The denominator is the population
with the specific disease.
The difference between Cause-specific mortality and Case-fatality rate is:
Cause-Specific Mortality the at risk population is both those who have developed the
disease AND those who have not yet developed the disease
Case-Fatality Rate the at risk population is those who have already developed the
disease and is a measure of the severity of the disease
Descriptive studies these studies are used to generate hypotheses

Case reports these studies describe a rare condition or an unusual case of a

more common disease. They can be written by doctors who observe such cases.

Case series these studies describe an unusual clinical course.

Surveys when these studies are not making comparisons (this would make
them observational studies), they are used to estimate the frequency and distribution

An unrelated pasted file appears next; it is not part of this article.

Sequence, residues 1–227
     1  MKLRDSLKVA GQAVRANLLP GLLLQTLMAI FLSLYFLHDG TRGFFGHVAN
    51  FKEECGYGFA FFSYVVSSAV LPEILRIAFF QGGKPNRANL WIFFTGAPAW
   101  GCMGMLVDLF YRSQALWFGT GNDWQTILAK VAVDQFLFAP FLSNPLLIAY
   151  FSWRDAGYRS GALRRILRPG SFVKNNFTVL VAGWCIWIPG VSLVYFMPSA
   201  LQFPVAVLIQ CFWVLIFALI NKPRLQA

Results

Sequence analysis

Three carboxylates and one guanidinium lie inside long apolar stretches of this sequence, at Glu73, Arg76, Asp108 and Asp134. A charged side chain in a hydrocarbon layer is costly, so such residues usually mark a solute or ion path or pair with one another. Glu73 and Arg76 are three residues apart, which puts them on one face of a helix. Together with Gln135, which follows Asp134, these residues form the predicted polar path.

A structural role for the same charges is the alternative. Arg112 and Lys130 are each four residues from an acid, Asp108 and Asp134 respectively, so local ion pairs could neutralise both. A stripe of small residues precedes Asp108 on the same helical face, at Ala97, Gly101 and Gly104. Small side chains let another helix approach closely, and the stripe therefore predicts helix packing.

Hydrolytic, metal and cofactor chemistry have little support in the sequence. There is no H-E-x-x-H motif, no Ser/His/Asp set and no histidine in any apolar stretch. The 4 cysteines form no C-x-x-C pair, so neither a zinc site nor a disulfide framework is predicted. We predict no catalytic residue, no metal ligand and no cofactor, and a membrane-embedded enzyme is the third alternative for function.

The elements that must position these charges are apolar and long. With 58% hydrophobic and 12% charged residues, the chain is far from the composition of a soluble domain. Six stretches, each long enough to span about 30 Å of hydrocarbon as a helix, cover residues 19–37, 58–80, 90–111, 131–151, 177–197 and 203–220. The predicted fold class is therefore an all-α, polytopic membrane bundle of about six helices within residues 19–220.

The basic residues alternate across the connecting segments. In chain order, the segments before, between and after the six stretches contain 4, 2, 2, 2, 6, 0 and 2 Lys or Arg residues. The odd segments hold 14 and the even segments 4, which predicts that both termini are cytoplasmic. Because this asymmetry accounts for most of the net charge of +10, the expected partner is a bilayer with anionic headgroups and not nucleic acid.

of an outcome (disease) in a
defined population.
Analytical studies these
studies are used to try and
Observational studies we watch
Observational because there is no
individual intervention, treatment,
exposures occur in a non-study
environment (i.e. not randomly). Individuals can be observed prospectively,
retrospectively or currently.
Data collected to see what is happening
Cross-sectional studies
Random sample of individuals taken and included in study and each person is classified
according to their exposure and disease status after enrolment i.e. Participants are not
selected on exposure or outcome status because no knowledge of the participants
exposure OR disease status is known at the start of the study. This means that you can
investigate many exposures and many outcomes. The time frame may range from a
point in time to a restricted time period. These studies provide prevalent data.

Measures the prevalence of risk

factor and disease
Measurements of exposure and
effect are made at the same time
Deals with individuals
Easy and economical to conduct
Difficult to assess the reasons
for associations
Can investigate multiple
exposures and outcomes
Leads to investigation of the
Helps to assess health care
needs of population